determinations, the weighing of evidence, and the drawing of inferences from fact are left to the jury,
and, therefore, the court should accept evidence favoring the non-moving party and draw all
justifiable inferences in his favor. See id. at 255. Nevertheless, the non-moving party “need not be
given the benefit of every inference but only of every reasonable inference.” Graham v. State Farm
Mut. Ins. Co., 193 F.3d 1274, 1282 (11th Cir. 1999) (citing Brown v. City of Clewiston, 848 F.2d
1534, 1540 n.12 (11th Cir. 1988)).
On September 30, 2010, Defendant Vidal was driving a Volvo semi-truck tractor and towing
a trailer for Defendant MDS from Albertville, Alabama, toward Atlanta, Georgia, along U.S.
Highway 431. (Doc. 25-1 at 6-7, 24-25). While crossing the intersection at Denson Avenue in
Boaz, Alabama, he collided with the Rickards’ Chevrolet Malibu. (Id. at 6-7, 15). The Rickards had
stopped at the stoplight at intersection of U.S. Highway 431 and Denson Avenue and assert that their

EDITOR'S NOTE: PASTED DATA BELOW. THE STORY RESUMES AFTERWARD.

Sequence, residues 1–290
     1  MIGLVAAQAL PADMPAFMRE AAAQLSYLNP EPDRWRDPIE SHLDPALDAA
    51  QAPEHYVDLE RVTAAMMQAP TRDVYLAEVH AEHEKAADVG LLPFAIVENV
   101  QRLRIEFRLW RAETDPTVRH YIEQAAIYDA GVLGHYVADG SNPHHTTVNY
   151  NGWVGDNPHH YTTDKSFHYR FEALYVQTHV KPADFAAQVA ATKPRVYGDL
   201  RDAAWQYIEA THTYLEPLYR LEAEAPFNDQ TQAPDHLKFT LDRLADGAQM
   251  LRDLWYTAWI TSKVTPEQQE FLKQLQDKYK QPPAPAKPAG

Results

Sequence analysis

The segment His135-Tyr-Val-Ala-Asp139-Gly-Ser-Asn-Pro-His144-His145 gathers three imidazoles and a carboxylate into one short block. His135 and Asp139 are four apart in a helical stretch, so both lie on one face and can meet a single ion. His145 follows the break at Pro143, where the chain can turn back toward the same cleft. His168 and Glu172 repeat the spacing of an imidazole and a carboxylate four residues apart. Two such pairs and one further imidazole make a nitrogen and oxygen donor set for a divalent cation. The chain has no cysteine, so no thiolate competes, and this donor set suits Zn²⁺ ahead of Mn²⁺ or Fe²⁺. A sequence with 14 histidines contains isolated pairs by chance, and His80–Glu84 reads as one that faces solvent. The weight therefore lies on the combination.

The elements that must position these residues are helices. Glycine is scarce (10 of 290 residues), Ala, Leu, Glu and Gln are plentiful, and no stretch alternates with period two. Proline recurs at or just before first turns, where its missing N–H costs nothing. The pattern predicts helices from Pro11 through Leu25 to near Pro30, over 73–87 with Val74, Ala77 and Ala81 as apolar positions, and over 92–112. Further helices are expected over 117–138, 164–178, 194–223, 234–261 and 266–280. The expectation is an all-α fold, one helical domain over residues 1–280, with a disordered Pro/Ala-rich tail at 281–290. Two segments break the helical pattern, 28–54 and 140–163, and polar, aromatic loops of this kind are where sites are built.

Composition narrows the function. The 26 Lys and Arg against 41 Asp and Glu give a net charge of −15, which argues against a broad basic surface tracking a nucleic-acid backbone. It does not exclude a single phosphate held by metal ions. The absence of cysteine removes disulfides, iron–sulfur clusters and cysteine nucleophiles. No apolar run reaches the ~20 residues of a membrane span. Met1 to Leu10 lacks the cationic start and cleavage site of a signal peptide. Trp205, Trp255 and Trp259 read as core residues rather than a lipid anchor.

light had turned green and that Vidal ran the traffic light. (Id. at 7, 10, 16). Although Defendants
contend this last fact is disputed, they set it out, for purposes of summary judgment, in the light most
favorable to the Rickards. (Doc. 25 at 8 n.1).
Plaintiffs’ complaint alleges Vidal was wantonly operating the MDS vehicle at the time of
the accident and that Vidal and MDS, under the doctrine of respondeat superior, are liable for that
wanton conduct. (Doc. 1 at 1-2). While stating the count against MDS, the complaint also briefly
mentions breach of contract and breach of warranty. (Id. at 2). Defendants contend Plaintiffs cannot
show wantonness under Alabama law and, with no contract between Plaintiffs and Defendants,
cannot prove either breach of contract or breach of warranty.
Alabama law defines wantonness as “[c]onduct which is carried on with a reckless or
conscious disregard of the rights or safety of others,” Ala. Code § 6-11-20(b)(3). The Alabama
Supreme Court has described wantonness “as the conscious doing of some act or the omission of
some duty, while knowing of the existing conditions and being conscious that, from doing or
omitting to do an act, injury will likely or probably result,” Bozeman v. Central Bank of the South,
646 So. 2d 601, 603 (Ala. 1994). Wantonness requires more than knowingly doing something
unadvisable, such as attempting to “beat the traffic,” but requires a “consciousness, awareness, or
perception that injury was likely to, or would probably, result.” Ex parte Essary, 992 So. 2d 5, 12